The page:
The head of the city's Department of Family and Support Services is under fire Tuesday after suggesting that homeless Chicagoans should take cabs to overnight shelters.
The comment was in response to budget cuts by the city, which will significantly reduce DFSS's overnight emergency transport program.
Evelyn Diaz, appointed to her post this spring by Mayor Rahm Emanuel, made the controversial comment during a city budget hearing on Monday in response to a question concerning what homeless people in need of emergency shelter between the hours of midnight and 8 a.m. should do -- simply wait until the morning?
"If they can't find another alternative ... Public transportation, cabs,” Diaz responded, according to the Chicago Sun-Times. The response, the Sun-Times' Fran Spielman wrote, recalled Marie Antoinette's infamous "Let them eat cake!" proclamation.
Effective Sept. 1, the DFSS's homeless program, after seeing their state funding halved, laid off 24 employees who staffed the program's overnight shift, picking up the homeless and taking them to shelters. While a department spokeswoman said this summer they would continue to push for restored funding from the city, they explained that only 20 percent of the requests for help they receive come during the overnight hours, meaning cuts there would have "the least impact on the people we serve."
With no transport available, homeless people inquiring about a place to sleep will be asked to call 311. Emergency services supervisors staffing that line can now direct homeless people to shelters, but cannot facilitate their actually getting there, Diaz explained, according to the Chicago Tribune.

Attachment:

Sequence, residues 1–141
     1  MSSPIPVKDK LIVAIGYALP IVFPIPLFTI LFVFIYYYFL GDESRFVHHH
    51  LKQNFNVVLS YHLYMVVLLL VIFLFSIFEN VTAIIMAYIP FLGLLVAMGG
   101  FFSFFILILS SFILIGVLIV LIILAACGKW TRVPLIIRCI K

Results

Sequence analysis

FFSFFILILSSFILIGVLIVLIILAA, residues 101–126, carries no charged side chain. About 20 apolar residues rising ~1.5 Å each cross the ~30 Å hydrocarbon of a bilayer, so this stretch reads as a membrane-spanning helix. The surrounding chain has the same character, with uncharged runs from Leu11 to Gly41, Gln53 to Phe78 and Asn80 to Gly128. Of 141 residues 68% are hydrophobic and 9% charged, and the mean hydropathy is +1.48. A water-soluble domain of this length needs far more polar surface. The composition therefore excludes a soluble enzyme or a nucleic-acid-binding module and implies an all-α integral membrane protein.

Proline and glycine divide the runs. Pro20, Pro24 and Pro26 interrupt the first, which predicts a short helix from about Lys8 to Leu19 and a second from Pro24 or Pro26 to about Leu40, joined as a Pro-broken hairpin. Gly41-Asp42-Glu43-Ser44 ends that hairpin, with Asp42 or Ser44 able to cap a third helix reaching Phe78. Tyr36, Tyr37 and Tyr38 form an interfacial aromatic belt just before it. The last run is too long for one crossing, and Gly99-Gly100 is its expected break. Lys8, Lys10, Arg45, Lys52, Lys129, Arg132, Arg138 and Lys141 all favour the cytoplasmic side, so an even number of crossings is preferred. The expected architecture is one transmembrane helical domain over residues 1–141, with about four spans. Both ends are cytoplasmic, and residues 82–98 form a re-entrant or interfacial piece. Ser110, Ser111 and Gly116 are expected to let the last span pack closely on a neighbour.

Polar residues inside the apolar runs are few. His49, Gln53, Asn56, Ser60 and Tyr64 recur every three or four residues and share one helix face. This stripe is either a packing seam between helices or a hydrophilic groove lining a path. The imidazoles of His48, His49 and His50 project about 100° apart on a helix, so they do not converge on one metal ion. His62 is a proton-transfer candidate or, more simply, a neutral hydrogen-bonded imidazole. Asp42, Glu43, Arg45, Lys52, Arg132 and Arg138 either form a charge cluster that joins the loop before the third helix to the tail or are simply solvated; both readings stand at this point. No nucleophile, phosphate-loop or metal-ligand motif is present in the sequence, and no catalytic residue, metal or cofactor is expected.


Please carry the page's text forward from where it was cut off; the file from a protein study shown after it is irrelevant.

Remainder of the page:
Responding to Diaz's cab comment, Julie Dworkin, the Chicago Coalition for the Homeless's policy director, said she wasn't offended.
“I’m not offended by it," she said, according to the Sun-Times. "I don’t know that she believes it’s realistic for homeless people to take a cab. She was probably just trying to show how difficult the situation is — that we’re left with choices that really don’t make sense.”
Dworkin added that she was told that homeless people would be transported to shelters by Chicago police officers overnight when the cuts were originally made, though Diaz said during the budget hearing that, "We're not asking police. We're not asking anybody to transport them at this time," WLS reports.
In addition to the overnight transport service being cut, Chicago shelters that receive state support also saw their funding cut in half beginning in July.
On the flip side, the mayor's proposed budget increased city funding to emergency shelters by 16 percent and to transitional housing services by 25 percent, in addition to funding the city's second small shelter dedicated to homeless youth, which uses the Night Ministry's The Crib shelter in Lakeview as a model.
Photo by JOE MARINARO via Flickr.